Decision Mashups

November 7, 2009
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Sunlight_example Last week I presented my thoughts on mashups at the Data Warehouse 2.0 Asia Pacific Summit. I talked mainly about why mashups can be a useful item in your toolbox of analytic solutions and looked at some best practices.

Why Are Mashups Popular?

  • They are less technical (no programming skills needed)
  • Data is easier to get (XML)
  • Free data tools (Google, MSFT, Intel, etc.)
  • Bandwidth is available
  • Web 2.0 (Internet as an interactive platform)

What Are The Benefits of Mashups?

They deliver a greater variety of:

  • Data to decision makers without having to (formally) invest in data integration and warehousing
  • Presentation options so that the data is better understood (greater insight).

Can enhance trust:

  • If you can access data from another internal data source/warehouse that is already established
  • If the external data is from government, regulatory or other trusted source.

Helps people think about data and logic (information centric)

Increases the potential size (and value) of the user community (many ‘programmers’)

Can deliver extra value to customers and partners (analytic suites)

Enhances your analytic community (encourages cooperation)

Encourages innovation (unintended uses, knowledge worker can react ..



Sunlight_example Last week I presented my thoughts on mashups at the Data Warehouse 2.0 Asia Pacific Summit. I talked mainly about why mashups can be a useful item in your toolbox of analytic solutions and looked at some best practices.

Why Are Mashups Popular?

  • They are less technical (no programming skills needed)
  • Data is easier to get (XML)
  • Free data tools (Google, MSFT, Intel, etc.)
  • Bandwidth is available
  • Web 2.0 (Internet as an interactive platform)

What Are The Benefits of Mashups?

They deliver a greater variety of:

  • Data to decision makers without having to (formally) invest in data integration and warehousing
  • Presentation options so that the data is better understood (greater insight).

Can enhance trust:

  • If you can access data from another internal data source/warehouse that is already established
  • If the external data is from government, regulatory or other trusted source.

Helps people think about data and logic (information centric)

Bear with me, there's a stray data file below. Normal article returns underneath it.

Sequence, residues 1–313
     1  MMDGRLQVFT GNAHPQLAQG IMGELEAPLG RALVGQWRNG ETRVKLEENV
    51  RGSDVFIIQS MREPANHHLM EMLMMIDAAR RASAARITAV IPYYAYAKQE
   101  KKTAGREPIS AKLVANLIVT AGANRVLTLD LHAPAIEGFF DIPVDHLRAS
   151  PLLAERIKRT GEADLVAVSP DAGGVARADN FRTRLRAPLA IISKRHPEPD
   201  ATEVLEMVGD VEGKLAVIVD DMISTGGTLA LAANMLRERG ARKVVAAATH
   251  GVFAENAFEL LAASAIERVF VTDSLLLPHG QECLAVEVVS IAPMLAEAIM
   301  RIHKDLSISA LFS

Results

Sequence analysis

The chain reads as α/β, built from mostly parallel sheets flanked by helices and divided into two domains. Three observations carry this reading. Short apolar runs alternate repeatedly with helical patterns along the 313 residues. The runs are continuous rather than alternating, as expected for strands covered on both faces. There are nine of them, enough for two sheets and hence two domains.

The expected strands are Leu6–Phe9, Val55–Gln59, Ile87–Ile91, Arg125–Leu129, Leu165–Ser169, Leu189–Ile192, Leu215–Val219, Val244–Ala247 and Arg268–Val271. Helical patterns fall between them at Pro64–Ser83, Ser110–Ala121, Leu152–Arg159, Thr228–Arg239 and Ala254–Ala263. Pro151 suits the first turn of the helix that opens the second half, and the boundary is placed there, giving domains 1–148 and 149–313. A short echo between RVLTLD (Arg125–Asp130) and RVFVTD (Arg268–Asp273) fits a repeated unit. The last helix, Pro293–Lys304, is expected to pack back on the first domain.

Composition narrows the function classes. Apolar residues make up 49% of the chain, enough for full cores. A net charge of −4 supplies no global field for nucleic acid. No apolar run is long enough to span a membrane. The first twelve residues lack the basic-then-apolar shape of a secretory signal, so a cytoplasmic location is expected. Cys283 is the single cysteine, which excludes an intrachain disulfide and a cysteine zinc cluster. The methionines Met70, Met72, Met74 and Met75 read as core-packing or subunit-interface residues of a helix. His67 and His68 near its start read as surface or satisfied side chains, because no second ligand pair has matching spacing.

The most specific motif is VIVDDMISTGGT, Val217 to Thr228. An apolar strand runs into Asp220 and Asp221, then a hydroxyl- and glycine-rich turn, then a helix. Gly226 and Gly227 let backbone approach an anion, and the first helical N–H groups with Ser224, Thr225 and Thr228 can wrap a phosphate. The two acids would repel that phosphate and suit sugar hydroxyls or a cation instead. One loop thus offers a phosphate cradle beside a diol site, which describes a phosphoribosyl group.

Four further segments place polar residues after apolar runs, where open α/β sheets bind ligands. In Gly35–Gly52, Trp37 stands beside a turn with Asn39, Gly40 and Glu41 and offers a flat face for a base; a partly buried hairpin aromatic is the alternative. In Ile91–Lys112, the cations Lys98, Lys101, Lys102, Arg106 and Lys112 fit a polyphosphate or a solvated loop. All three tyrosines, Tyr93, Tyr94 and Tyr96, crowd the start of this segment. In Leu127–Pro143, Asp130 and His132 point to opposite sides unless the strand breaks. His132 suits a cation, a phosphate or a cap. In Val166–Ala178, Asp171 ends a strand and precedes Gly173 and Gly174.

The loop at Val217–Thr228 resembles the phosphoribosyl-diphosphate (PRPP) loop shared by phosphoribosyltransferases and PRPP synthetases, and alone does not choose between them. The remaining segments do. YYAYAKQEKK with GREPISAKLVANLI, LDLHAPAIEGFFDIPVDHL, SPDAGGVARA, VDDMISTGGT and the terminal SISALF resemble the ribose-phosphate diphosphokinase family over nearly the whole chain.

Increases the potential size (and value) of the user community (many ‘programmers’)

Can deliver extra value to customers and partners (analytic suites)

Enhances your analytic community (encourages cooperation)

Encourages innovation (unintended uses, knowledge worker can react quickly to the business)

Changes the type of innovations (pull by the BI function becomes push from the business)

Can offer better data quality (integrity, completeness and freshness)

Saves time (faster development: days not months, ROI, lowers barrier to entry)

Low infrastructure costs (individual computers as servers)

Some Potential Issues

C level support You are using data sets that haven’t been conformed to the same standard as your static data stores (DWH, ODS, etc.)

Users will see the quality of data (little ETL invested, master data not used)

These data sets may not be:

  • Always available
  • Consistent over time
  • Refreshed consistently

Access security

Expectations management (“why can’t I see all my spreadsheets?”)

Application performance may suffer (inefficient queries, network traffic spikes)

Tactical developments may overtake the strategy

If done in a self-service environment:

  • Standards
  • Maintenance (support, documentation, ownership)
  • Scalability 
  • Availability

may all suffer (lose IT SDLC benefits)

Resource misallocation (budgets?) Who governs use? (multiple SSOT)

Here is a (13MB) pdf of the presentation: Decision Mashups: Strategies for Combining Structured and Unstructured Data for Better Decision Making. Please note that I have removed a couple of case studies to reduce the size of the file.


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